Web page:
SMART-Phone, DUMB-Driver: A Debate Worth Having – Part 3

by on February 29, 2012 · 1 comment

in Culture, Environment, Health

Editor: This is Part 3 in this series. Here is Part 1 and Part 2.

In-Car Distractions: A Debate Worth Having

By Christopher Dotson

It’s no longer simply about “Hang up and drive”, which I have always considered to be an ill-thought mentality. In retrospect, perhaps the sentiment was only ill-timed. But it’s a debate worth commencing now.

We’re doing far more these days while driving than simply “talking on the phone”.  The unlucky person who has learned “the hard way” knows, and this unfortunate person will spend the remainder of their lifetime wishing things had turned out (even a little) differently.

In truth, regarding my own near-miss, if things had turned out -even a little – differently, this article may have been written from a hospital bed, or never written.  And as I am writing this today, I remember consoling and counseling a young neighbor (we were both young, then) named Ricky after he had just run down and killed a homeless man– of course, this was long before technology could be cited or held accountable for such a tragedy about to unfold.

Ricky appeared at my doorway one night, after dropping his girlfriend off for work. Still wearing a “lost”, far and away expression, he needed someone to listen, as he recounted the horrors of running over the unseen man, who had been crossing underneath the dark, night time bridge, beneath the 405 freeway. He was reliving the moment, still fresh in his mind, and he began to exorcise the demon which invaded his thoughts and consciousness. His sorrow was heavier than ever I’ve known in another.

It was a relief knowing the police had found no cause to charge my neighbor with any offense. We sat and talked all night until it was time to get his girlfriend from work. Before leaving, he asked to trade parking spots until he could afford to deal with his car. I now vividly recall how my parking stall was deeper and more concealing, and how he edged the wrecked nose of his car, and the shattered windshield as far forward into the space, as possible.

No doubt, if a similar event happens to another, but occurring during broad daylight, their life, too, may never be the same.  From media and other reports, we only glimpse the difficulties when determining root-cause  for distracted-driver incidents, as when in-car technology was accessible but which may-not have been a contributing factor.

The recent NTSB plan begins to define and utilize new metrics for improving reports, and with some emphasis on improving investigations into crash data based upon on-scene accident victims, witnesses, and evidence of driver distractions.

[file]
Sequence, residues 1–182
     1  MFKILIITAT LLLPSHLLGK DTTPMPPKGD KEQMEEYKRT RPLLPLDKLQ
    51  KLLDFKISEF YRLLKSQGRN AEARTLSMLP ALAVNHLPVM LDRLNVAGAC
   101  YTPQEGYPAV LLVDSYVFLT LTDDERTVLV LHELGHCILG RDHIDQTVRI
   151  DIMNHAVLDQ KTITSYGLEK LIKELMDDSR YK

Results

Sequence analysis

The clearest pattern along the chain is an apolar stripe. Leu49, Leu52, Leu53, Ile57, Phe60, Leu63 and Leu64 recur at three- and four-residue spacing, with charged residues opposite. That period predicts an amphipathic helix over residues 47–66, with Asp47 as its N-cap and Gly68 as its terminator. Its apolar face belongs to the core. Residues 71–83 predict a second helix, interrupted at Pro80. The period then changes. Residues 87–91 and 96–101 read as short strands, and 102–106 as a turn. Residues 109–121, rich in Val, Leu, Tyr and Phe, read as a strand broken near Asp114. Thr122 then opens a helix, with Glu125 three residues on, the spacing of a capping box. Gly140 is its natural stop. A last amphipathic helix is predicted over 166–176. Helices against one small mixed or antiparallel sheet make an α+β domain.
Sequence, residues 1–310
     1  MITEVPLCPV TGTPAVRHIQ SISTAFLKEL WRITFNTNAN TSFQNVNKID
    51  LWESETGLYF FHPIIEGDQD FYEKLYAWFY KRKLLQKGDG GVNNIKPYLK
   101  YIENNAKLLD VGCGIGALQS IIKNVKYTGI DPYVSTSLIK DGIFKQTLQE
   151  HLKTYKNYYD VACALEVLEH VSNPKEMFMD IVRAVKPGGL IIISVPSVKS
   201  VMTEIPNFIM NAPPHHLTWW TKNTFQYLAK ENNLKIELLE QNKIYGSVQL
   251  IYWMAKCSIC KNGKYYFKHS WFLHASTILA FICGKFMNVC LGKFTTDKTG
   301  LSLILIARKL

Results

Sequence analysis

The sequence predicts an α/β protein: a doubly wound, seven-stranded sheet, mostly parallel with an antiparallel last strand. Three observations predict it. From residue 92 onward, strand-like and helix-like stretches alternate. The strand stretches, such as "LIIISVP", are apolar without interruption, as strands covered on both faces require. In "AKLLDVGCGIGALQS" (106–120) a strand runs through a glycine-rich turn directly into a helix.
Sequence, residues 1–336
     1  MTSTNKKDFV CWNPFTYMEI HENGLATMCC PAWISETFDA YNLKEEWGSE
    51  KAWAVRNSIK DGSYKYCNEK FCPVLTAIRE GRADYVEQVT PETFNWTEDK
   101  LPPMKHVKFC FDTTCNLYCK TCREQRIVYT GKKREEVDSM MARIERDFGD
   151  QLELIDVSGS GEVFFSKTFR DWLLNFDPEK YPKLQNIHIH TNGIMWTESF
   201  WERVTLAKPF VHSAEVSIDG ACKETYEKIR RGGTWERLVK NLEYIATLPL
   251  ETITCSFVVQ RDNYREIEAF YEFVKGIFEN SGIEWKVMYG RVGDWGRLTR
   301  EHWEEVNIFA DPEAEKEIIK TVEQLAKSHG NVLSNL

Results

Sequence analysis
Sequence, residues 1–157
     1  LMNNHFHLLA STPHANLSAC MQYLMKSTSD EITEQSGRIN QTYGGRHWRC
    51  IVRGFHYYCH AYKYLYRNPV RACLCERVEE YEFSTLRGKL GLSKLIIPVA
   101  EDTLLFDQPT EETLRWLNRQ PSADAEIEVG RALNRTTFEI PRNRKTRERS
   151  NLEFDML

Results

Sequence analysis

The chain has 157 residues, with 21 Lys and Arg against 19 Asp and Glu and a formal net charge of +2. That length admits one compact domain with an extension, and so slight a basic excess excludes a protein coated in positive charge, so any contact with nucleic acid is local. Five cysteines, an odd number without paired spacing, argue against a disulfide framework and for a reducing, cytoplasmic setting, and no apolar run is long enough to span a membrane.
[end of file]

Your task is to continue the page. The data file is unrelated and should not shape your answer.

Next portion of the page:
It’s What We Want – Make It Better and It’ll Be Safer

Today’s high end automobiles can be programmed by the end-user. For example, the driver accesses pre-sets and/or multi-layered menus and settings which can be used to modify in-car systems for highest-performance (i.e. reset from economy to a sport package).

The Auto industry knows what we want.  And they want us to know how they can make everything better and safer, faster and cheaper.

Car makers are busy preparing to cash-in on the latest auto-techno crazes. (Some of it’s gonna’ be great! Some of it’s gonna drive grandma nuts.) At the same time, the NTSB has announced new guidelines, planned studies, and crash metrics to better determine where the fault lies, if at all. This should make for a worthwhile debate.

Why? Because Detroit and Japan are getting ready to make a whole bunch of new toys available to everyday drivers and passengers. New technology will be accessible during driving mode, while some features will only be available to the driver during vehicle non-driving mode.

All the newest product lines and auto designs include an astounding array of options for virtual in-dash components with highly-luminous LED indicators, touch-screen actuators and multi-layered menus and sub-screens. . . .

Do Your Own Study – Just Not While Driving

As was already suggested, informal studies can be conducted by anyone interested in developing an opinion. Of course, you shouldn’t do this while you are driving.

Basic observations at any on-ramp or intersection may soon reveal that a whole lotta’ folks do a bunch of distracting things while driving. At the least, tending to other “things” creates needless delays and slowing traffic patterns, adding to frustrations and anger among those who get stuck behind distracted drivers. Often times resulting in horns blaring and tempers flaring before the culprit driver behind the wheel “speeds off ashamedly or defiantly”, depending on whether they’re brandishing a hand or a finger.